December 13, 2019

Hayabusa 2 locates artificial crater on asteroid


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New images from Japan’s Hayabusa 2 spacecraft show the location of a fresh crater carved from the jagged terrain of asteroid Ryugu by an explosive charge dropped on the tiny world’s rocky surface earlier this month.

The Hayabusa 2 probe has passed the halfway mark in its year-and-a-half-long exploration of Ryugu. After collecting its first sample from the asteroid’s surface in February, Hayabusa 2 maneuvered into position over a different part of Ryugu and released an impactor April 4 to create an artificial crater, exposing pristine subsurface rocks for the spacecraft to examine and retrieve in the coming weeks.

An explosive charge drove the 12-inch (30-centimeter) copper impactor into the asteroid at high speed, striking Ryuku’s surface with enough energy to leave a marking some 66 feet (20 meters) in diameter.

That is twice the size of the crater scientists expected from the impact.

Images downlinked by the Hayabusa 2 spacecraft April 25 revealed the impact site for the first time. After deploying the impactor earlier this month, probe initially flew behind the asteroid to avoid any debris kicked up by the crater-forming collision, then returned to a “home position” around 12 miles (20 kilometers) from the asteroid.

Hayabusa 2 also released a camera to stay closer to the impactor. Pictures relayed from the camera through the Hayabusa 2 spacecraft back to Earth showed a grainy view of a shower of particles thrown away from the asteroid by the impactor.

The image confirmed the impactor struck Ryugu, but scientists did not know how big of a crater it created.

Ground controllers at the Japan Aerospace Exploration Agency, which developed the Hayabusa 2 mission, commanded the spacecraft to move closer to Ryugu last week to search for the new crater.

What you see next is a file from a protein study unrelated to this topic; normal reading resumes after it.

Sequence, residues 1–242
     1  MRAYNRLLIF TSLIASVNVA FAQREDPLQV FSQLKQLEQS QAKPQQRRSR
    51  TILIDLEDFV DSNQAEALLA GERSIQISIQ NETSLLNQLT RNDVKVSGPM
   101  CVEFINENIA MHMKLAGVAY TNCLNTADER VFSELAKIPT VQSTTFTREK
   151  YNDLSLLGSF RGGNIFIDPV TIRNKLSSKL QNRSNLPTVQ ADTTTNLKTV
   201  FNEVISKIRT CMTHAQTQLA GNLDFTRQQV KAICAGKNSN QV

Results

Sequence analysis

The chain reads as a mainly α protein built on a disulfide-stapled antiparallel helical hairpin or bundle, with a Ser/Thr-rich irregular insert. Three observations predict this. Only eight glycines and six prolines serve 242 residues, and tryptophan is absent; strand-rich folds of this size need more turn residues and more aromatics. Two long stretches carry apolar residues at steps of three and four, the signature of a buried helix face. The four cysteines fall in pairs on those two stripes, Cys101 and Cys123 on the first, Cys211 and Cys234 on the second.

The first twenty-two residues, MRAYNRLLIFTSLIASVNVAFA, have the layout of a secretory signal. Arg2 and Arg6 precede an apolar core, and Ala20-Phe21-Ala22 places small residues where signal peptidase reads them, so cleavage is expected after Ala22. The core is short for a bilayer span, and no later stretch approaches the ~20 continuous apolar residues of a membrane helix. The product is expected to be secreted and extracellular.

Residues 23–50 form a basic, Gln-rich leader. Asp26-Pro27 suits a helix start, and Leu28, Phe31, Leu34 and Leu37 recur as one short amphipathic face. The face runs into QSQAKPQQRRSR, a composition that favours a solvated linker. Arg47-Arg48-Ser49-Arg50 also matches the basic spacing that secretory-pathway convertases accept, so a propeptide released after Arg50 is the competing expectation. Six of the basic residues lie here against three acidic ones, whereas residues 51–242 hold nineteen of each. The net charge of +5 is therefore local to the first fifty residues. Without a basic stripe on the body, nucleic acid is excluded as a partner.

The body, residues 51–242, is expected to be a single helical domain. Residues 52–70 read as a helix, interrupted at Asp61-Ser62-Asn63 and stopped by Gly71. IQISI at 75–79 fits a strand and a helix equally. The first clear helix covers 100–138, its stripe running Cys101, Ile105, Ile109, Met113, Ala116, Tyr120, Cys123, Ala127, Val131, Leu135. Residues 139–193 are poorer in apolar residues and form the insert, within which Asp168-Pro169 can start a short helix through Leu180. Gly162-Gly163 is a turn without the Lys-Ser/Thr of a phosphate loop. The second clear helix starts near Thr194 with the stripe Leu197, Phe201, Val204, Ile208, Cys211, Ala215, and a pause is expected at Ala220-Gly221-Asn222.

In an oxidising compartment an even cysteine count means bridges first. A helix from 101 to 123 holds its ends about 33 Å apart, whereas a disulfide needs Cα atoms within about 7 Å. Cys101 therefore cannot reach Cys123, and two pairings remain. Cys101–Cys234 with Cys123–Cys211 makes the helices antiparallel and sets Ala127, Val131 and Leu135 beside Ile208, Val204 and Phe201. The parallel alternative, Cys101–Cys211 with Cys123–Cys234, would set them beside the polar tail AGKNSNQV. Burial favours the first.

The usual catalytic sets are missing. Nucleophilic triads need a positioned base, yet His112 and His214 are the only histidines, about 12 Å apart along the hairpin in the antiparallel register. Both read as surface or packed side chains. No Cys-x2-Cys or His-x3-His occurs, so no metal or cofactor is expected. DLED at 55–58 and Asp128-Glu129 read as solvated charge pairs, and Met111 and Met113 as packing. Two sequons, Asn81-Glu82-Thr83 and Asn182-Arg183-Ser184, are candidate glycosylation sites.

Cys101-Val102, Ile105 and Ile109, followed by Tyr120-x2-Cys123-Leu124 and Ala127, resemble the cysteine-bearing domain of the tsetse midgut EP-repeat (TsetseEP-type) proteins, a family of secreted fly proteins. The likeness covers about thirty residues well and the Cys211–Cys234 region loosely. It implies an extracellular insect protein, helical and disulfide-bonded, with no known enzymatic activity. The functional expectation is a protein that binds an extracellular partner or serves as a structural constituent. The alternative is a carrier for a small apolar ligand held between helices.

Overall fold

Hayabusa 2 surveyed the impact site from a distance of about 1 mile (1.6 kilometers).

“The exact size and shape of the artificial crater will be examined in detail in the future, but we can see that terrain of an area about 20 meters wide has changed,” officials tweeted through the Hayabusa 2 mission’s official Twitter account. “We did not expect such a big alteration so a lively debate has been initiated in the project!”

The device used to created the artificial crater was called the Small Carry-On Impactor, and it was one of several deployable modules carried to Ryugu by Hayabusa 2. Last year, Hayabusa 2 released three landers to explore the 3,000-foot-wide (900-meter) asteroid’s surface.

Rocky debris blasted away by the impactor’s collision was expected to expose materials from inside the asteroid, where rock specimens are shielded from radiation and other weathering affects from sunlight and extreme temperature swings. Scientists hope Hayabusa 2 can pick up a sample from the crater in the coming weeks and bring the rocks back to Earth, along with rocks gathered from the asteroid’s surface earlier this year.

Hayabusa 2 arrived at Ryugu last June, and is set to depart the asteroid in November or December for the return cruise to Earth. The spacecraft will jettison a re-entry capsule protected by a thermal shield to plunge into Earth’s atmosphere in December 2020, when the return craft will parachute to a landing in Australia.

Scientists will transfer the asteroid specimens to laboratories for detailed analysis in hopes of learning more about the history of the solar system.

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Follow Stephen Clark on Twitter: @StephenClark1.


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